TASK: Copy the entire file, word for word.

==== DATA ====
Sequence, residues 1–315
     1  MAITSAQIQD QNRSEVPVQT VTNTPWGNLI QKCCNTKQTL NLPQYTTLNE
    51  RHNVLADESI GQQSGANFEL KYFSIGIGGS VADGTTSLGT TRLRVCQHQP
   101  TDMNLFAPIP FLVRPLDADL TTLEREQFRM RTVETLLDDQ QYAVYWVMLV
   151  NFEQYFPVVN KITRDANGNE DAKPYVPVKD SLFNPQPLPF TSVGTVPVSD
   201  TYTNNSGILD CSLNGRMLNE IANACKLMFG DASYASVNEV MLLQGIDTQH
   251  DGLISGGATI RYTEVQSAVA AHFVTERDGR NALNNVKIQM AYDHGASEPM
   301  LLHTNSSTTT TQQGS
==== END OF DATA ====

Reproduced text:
Sequence, residues 1–315
     1  MAITSAQIQD QNRSEVPVQT VTNTPWGNLI QKCCNTKQTL NLPQYTTLNE
    51  RHNVLADESI GQQSGANFEL KYFSIGIGGS VADGTTSLGT TRLRVCQHQP
   101  TDMNLFAPIP FLVRPLDADL TTLEREQFRM RTVETLLDDQ QYAVYWVMLV
   151  NFEQYFPVVN KITRDANGNE DAKPYVPVKD SLFNPQPLPF TSVGTVPVSD
   201  TYTNNSGILD CSLNGRMLNE IANACKLMFG DASYASVNEV MLLQGIDTQH
   251  DGLISGGATI RYTEVQSAVA AHFVTERDGR NALNNVKIQM AYDHGASEPM
   301  LLHTNSSTTT TQQGS